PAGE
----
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BART’s Oakland Airport Connector Passes Crucial Test

| July 31, 2014
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One of the trains for BART's Oakland Airport Connector. (Isabel Angell/KQED)

One of the trains for BART’s Oakland Airport Connector. (Isabel Angell/KQED)

BART’s Oakland Airport Connector has reached a new milestone this week: A train completed its first fully automated loop around the system from the Coliseum station to airport terminals.

The Oakland Airport Connector runs on a cable system — pretty similar to the San Francisco cable cars, but without drivers. The system has four cable loops and one train per cable. The trains automatically switch cables four times: once at each end, and halfway between the two stops.

That halfway point is called the wheelhouse, and inside are four giant wheels with spinning cables. The noise from those spinning cables is almost deafening.

Inside the Wheelhouse for BART's Oakland Airport Connector, one of the giant wheels spins a cable to pull the train along. (Isabel Angell/KQED)

Inside the Wheelhouse for BART’s Oakland Airport Connector, one of the giant wheels spins a cable to pull the train along. (Isabel Angell/KQED)

But outside, the trains are almost silent. You can barely hear cars as they approach.

“There’s no motors. The only hum you hear is from the air conditioner. Otherwise, it’s going to be dead silent.” said project manager Tom Dunscombe.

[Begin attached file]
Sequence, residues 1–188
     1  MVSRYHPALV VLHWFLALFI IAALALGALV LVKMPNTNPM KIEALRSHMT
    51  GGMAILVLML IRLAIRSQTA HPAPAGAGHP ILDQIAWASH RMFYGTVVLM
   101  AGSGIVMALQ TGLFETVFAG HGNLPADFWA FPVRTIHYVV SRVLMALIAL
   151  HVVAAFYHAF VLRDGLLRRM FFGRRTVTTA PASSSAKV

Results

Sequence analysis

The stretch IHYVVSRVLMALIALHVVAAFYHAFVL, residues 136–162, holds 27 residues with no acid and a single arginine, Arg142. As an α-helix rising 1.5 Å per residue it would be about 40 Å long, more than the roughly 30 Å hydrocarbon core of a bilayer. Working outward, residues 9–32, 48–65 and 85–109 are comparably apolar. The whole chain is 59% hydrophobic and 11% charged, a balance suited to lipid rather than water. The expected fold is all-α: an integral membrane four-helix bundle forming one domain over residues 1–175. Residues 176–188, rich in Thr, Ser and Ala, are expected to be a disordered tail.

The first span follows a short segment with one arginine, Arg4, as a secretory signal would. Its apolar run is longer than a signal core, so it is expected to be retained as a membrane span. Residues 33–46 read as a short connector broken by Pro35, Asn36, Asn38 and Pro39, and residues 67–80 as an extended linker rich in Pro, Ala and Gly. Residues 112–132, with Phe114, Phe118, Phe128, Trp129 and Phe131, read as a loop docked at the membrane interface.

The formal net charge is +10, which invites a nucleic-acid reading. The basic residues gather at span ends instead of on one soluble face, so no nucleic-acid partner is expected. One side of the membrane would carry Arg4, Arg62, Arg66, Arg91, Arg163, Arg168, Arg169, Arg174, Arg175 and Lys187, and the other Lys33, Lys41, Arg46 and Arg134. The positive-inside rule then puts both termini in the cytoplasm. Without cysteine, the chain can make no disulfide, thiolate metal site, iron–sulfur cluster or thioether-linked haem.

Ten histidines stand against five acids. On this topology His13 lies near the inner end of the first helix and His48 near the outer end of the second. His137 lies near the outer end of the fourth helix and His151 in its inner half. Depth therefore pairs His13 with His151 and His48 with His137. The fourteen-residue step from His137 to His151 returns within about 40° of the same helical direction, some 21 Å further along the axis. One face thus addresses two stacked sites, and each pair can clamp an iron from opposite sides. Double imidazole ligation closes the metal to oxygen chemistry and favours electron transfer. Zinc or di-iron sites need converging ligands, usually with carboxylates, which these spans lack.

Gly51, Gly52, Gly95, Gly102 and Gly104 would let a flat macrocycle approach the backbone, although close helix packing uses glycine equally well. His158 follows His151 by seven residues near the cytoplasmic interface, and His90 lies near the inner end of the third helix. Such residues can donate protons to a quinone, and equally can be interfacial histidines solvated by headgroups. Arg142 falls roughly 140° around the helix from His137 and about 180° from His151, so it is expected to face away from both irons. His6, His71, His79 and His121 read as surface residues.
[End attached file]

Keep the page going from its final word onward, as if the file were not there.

“It’s going to be like riding on a cloud. It’s amazing,” said Dean Hurst of Doppelmayr, an Austrian company that specializes in cable cars and other “ropeway” technologies.

“The suspension and the ride quality is excellent,” Hurst added.

The connector will replace AirBart, a tried-and-true shuttle bus system that’s been running since the 1970s.

“Between the Coliseum and the airport and back there’s nine intersections, and traffic can vary day to day depending on what events are happening,” Dunscombe said. “So, as was said, the reliability should be much greater. So we’re going to be delivering trains about every 4½ minutes to the Coliseum and to the airport.”

A look inside one of the trains for BART's Oakland Airport Connector. The sandbags simulate a full load. (Isabel Angell/KQED)

A look inside one of the trains for BART’s Oakland Airport Connector. The sandbags simulate a full load. (Isabel Angell/KQED)

The $484 million connector is scheduled to open in November. Each ride will cost $6 one way. A BART spokesman said senior, youth and disability discounts would apply to the fare. Airport workers will pay $2 per ride.

So far, the project is on time and on budget.

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Category: Transportation

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  • Chris

    Awesome, so I get to pay DOUBLE the cost for a smooth ride? Such a love/hate thing with BART.

    How about those unlimited passes for directors, spouses and dependents? Mostly a hate/hate relationship with them I guess.

  • Erika

    $6.00??? So, to pick someone up at the airport, I have to pay my regular BART fair, plus $12.00, REALLY?

  • StevenDavisPhoto

    $6 ONE way??? No way I’m paying that. I’ll stick to the bus if they still offer it. Stupid.